The first bill addresses the law enforcement and treatment components of the three-pronged plan by revising various provisions of the law regarding the scheduling of controlled substances and their analogues and derivatives, including updated identifications of drugs categorized in Schedules I-V. The updated schedule of controlled substances would allow law enforcement to better track, monitor and penalize the use and unlawful distribution of dangerous and addictive drugs, including substances that mimic the effects of fentanyl, a drug that is up to 100 times more potent than morphine and is linked to an alarming number of overdose deaths. The legislation, as amended, also makes it an offense to knowingly produce, manufacture, sell or possess any capsule, pill, or other product composed of or containing any amount of Kratom.

“Fentanyl has come into this state and has become a very serious drug,” said Senator Yager. “It has contributed to many deaths. Sometimes it is used to cut other drugs and is mixed with them, which has led to the deaths of users who are not aware of its potency.”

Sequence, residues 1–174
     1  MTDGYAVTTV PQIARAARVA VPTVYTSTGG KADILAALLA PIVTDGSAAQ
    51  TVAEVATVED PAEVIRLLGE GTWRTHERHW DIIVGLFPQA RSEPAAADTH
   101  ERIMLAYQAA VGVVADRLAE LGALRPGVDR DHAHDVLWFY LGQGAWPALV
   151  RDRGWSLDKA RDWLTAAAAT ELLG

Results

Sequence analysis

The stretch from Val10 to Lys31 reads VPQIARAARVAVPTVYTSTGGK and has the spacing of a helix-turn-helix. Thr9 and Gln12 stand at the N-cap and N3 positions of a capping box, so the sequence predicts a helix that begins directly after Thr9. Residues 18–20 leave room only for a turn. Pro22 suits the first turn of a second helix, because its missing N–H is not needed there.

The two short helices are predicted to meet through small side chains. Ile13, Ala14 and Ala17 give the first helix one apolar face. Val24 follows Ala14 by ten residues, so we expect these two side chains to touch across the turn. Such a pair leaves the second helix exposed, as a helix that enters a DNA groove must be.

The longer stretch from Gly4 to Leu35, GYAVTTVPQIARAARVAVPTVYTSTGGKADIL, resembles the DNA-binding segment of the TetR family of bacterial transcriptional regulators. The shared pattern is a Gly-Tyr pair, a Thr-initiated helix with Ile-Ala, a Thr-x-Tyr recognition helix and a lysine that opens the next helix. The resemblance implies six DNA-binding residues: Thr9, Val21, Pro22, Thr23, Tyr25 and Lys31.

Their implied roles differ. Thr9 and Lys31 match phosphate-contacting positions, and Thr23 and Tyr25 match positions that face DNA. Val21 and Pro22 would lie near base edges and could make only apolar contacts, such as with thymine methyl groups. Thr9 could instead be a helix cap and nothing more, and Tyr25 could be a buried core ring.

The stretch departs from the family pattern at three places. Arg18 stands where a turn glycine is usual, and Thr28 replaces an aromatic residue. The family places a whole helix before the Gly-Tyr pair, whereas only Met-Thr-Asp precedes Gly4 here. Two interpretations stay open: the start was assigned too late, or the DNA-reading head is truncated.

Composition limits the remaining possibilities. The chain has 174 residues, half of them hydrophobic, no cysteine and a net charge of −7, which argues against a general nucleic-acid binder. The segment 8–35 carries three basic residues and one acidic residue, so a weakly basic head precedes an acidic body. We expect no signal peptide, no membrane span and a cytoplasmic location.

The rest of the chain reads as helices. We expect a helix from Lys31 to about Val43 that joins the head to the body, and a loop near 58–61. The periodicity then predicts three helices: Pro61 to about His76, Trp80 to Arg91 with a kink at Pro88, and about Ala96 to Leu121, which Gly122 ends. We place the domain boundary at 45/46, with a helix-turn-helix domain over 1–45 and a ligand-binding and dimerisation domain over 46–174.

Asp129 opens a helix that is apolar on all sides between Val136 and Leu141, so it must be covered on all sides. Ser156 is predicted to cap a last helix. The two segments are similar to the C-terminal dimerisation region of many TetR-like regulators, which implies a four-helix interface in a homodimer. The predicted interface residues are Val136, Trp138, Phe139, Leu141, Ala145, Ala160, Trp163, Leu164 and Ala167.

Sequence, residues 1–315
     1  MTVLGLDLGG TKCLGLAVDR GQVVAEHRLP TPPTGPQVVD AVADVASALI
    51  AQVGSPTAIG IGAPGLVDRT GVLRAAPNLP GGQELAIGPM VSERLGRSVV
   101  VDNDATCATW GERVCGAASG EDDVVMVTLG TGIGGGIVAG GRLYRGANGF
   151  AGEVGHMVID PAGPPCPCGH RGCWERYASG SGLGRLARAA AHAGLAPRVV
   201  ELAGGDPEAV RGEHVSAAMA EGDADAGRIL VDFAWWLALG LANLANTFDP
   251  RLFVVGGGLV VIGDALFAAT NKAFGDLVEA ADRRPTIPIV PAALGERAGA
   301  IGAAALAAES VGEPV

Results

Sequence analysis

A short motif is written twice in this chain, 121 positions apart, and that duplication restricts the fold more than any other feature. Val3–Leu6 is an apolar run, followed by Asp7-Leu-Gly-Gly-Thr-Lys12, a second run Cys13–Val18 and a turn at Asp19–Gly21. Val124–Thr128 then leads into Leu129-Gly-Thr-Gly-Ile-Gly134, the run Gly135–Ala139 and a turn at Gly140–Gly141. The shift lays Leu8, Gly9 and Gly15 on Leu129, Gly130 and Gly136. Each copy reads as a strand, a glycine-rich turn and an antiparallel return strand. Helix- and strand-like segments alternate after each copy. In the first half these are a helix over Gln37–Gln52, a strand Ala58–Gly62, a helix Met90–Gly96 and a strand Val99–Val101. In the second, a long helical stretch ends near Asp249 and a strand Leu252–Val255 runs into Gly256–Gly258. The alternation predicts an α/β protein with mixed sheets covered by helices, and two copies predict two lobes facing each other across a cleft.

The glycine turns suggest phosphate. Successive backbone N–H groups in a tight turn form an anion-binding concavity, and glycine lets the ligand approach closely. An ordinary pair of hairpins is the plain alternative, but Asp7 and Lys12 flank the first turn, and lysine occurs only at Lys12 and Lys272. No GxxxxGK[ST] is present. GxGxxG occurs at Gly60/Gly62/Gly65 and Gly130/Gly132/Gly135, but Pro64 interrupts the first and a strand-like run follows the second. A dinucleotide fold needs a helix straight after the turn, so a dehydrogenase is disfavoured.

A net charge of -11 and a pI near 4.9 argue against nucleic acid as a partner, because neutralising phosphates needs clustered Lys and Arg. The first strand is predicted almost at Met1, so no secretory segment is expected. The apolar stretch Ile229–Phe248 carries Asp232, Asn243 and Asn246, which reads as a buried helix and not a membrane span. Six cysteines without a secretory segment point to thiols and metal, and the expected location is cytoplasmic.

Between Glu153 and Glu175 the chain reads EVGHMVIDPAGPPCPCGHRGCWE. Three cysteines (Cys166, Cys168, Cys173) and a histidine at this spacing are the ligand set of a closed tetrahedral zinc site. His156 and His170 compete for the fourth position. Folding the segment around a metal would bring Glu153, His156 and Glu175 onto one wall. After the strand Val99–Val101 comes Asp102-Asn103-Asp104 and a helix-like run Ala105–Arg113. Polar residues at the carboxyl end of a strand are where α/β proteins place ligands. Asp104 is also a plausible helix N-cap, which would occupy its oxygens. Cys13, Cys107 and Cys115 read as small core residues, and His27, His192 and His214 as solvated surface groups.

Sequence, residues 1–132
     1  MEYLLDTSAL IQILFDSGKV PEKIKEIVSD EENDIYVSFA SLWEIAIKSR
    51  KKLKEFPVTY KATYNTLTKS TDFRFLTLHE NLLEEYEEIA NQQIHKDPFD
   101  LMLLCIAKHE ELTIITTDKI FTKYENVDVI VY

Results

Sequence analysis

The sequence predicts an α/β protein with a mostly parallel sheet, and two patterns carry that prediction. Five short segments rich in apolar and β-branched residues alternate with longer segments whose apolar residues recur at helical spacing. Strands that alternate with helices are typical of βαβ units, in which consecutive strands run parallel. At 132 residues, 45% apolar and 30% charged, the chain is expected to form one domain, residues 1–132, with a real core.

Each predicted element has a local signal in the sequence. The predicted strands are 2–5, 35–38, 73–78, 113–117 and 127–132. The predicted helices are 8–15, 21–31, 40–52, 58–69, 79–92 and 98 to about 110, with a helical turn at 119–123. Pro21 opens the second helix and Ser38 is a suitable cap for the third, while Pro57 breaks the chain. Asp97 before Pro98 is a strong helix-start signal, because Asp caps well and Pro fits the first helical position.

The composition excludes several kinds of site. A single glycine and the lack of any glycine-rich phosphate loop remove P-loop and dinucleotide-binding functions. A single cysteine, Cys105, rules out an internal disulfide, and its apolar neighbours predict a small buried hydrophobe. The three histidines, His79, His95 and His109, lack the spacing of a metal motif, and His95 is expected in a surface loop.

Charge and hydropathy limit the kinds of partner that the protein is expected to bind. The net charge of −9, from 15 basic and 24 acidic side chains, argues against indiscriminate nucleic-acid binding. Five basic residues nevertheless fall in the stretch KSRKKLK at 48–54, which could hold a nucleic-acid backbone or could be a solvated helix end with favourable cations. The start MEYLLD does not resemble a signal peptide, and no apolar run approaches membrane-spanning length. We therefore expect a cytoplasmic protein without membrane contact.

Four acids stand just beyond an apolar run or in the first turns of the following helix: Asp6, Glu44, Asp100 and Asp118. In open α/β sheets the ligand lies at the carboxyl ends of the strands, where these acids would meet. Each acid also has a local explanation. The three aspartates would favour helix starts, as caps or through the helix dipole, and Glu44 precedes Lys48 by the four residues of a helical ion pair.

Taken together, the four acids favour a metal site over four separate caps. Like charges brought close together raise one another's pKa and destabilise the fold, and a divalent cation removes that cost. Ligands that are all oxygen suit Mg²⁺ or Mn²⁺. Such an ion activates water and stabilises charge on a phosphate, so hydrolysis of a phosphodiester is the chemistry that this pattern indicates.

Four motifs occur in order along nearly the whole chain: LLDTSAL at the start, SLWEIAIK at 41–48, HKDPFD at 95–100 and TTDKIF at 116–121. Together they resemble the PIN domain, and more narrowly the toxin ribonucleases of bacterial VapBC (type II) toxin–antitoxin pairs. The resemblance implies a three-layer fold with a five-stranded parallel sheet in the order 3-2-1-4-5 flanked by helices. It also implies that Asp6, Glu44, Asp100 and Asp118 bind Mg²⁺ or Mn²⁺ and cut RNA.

The legislation provides incentives for offenders in correctional facilities to complete an intensive substance use treatment program while incarcerated. An increasing number of offenders suffer from substance use disorders. These evidence-based programs are proven to reduce recidivism and improve lives while saving taxpayer dollars.

The second bill aims to prevent opioid addiction and ultimately, misuse and abuse by limiting the supply and dosage of opioid prescriptions with emphasis on new patients. The legislation is meant to address higher dosages of opioids which have been associated with increased risk of overdose and death, while including exceptions for individuals undergoing extreme pain for illnesses like cancer or sickle cell anemia, or patients with severe burns.

“The purpose behind the prevention legislation is to place more speed bumps on the road that leads to addiction between healthcare practitioners and patients to prevent Tennesseans from misusing or abusing prescription pain medicine,” said Senator Haile, a pharmacist who served on Governor Bill Haslam’s Opioid Abuse Task Force. “We must slow or stop the pipeline, especially on opioid naïve patients to prevent addiction.”

As of 2016, 318,000 individuals in Tennessee were either using opioids in a risky way or diagnosed as having opioid use disorder.